Tag Results

Easton selectmen hear passionate pleas to save parcel

With five options on the table for what is to become of the former Running Brook Farm on South Park Avenue, the Board of Selectmen appears to be favoring selling the land to Sacred Heart University for athletic facilities, including a pool and tennis courts that residents could use, according to a story in The Easton Courier.

Prayer Center future debated

Easton Courier Photo

The future of the prayer center parcel on South Park Avenue in Easton, near the Mill River, will be the subject of multiple meetings this week.

Easton bought the former Running Brook Farm, a 29-acre property on South Park Avenue, in 2008 for $6.1 million.property after approval at referendum to protect it against dense housing development. It is zoned for three-acre single-family homes.

Click here to read more.

 

Jewish Home wants to buy South Park site

Longtime Easton neighbor the Jewish Home for the Elderly in Fairfield is offering $6.1 million to the town for the former Running Brook Farm, a 29-acre property on South Park Avenue the town bought in 2008 for $6.1 million.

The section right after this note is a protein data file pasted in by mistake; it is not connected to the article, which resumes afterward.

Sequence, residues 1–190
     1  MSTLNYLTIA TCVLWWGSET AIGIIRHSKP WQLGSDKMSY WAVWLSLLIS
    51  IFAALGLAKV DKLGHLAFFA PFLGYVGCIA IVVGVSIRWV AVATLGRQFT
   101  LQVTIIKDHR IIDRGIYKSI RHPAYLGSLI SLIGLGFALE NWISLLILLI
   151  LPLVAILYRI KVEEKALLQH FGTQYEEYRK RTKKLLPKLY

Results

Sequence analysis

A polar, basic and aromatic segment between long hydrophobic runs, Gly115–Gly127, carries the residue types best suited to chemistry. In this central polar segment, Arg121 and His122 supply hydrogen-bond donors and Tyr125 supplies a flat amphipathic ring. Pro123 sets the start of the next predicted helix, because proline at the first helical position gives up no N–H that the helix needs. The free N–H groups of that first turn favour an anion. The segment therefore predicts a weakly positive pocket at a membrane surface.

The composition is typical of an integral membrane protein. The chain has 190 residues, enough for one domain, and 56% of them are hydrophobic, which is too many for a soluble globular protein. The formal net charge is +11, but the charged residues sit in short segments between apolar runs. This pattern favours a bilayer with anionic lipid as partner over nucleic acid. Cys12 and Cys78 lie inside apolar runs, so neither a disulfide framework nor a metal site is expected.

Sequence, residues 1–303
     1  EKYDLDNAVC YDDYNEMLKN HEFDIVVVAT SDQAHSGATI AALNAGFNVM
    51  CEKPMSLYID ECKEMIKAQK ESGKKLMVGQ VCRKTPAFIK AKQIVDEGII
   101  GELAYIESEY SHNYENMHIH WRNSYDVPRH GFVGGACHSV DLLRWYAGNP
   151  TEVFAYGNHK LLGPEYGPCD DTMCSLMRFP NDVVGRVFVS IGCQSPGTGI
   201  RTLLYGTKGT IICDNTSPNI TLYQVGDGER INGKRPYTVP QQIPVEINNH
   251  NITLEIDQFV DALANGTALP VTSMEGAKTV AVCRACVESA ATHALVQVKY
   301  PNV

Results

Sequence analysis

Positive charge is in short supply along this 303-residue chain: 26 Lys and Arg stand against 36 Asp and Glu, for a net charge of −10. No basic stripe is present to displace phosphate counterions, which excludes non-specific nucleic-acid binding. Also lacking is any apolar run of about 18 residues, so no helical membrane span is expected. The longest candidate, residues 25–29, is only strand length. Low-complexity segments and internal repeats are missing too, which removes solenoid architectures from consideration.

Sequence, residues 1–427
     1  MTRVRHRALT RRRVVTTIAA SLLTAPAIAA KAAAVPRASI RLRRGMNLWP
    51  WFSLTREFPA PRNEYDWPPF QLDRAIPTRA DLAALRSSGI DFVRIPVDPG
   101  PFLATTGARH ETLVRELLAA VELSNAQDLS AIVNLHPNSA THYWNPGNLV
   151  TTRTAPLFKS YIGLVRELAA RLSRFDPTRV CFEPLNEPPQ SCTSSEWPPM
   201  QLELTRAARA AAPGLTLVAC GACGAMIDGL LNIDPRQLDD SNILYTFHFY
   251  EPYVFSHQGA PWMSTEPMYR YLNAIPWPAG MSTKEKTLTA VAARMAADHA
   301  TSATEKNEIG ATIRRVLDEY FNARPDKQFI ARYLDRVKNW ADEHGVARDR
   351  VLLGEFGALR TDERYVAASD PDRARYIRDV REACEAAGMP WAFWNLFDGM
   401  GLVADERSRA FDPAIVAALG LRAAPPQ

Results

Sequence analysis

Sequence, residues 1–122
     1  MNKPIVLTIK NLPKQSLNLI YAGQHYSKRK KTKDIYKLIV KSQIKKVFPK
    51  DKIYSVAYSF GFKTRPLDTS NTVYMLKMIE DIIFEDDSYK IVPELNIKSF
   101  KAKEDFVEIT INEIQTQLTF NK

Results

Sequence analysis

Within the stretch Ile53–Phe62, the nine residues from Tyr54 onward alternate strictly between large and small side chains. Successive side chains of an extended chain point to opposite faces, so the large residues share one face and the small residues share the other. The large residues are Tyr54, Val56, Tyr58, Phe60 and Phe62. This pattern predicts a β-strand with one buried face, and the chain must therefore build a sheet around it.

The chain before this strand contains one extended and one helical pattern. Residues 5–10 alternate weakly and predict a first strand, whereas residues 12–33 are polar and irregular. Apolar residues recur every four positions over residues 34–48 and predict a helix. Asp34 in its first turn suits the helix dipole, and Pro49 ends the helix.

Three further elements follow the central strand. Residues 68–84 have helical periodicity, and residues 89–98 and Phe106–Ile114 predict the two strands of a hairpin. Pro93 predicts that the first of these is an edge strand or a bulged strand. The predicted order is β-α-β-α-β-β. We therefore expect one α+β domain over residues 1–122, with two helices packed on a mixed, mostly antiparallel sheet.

The idea calls for 260 units total, with 200 independent living apartments and a mix of assisted living and skilled nursing spaces. Ten percent of the rental apartments would be reserved for the affordable housing category and would count toward the town’s requirements to provide affordable housing, Banoff said.

Click here to read the full story in The Easton Courier.

Easton deliberates future of Prayer Center site

Easton officials are discussing what to do with the Prayer Center, which abuts the Mill River. (Easton Courier Photo)
Easton could make creative use of the South Park property, abutting the Mill River, by leasing it to farmers, one of about 50 residents who attended an informational session members of the Board of Selectmen.

The property is in the news because the New England Prayer Center has until Oct. 8 to exercise an option to buy the property for $5.8 million. If the group does not buy the property, the town is looking for ideas on what to do with it.

The town bought the property to protect it against dense housing development. It is zoned for three-acre single family homes.

To read The Easton Courier story, click here.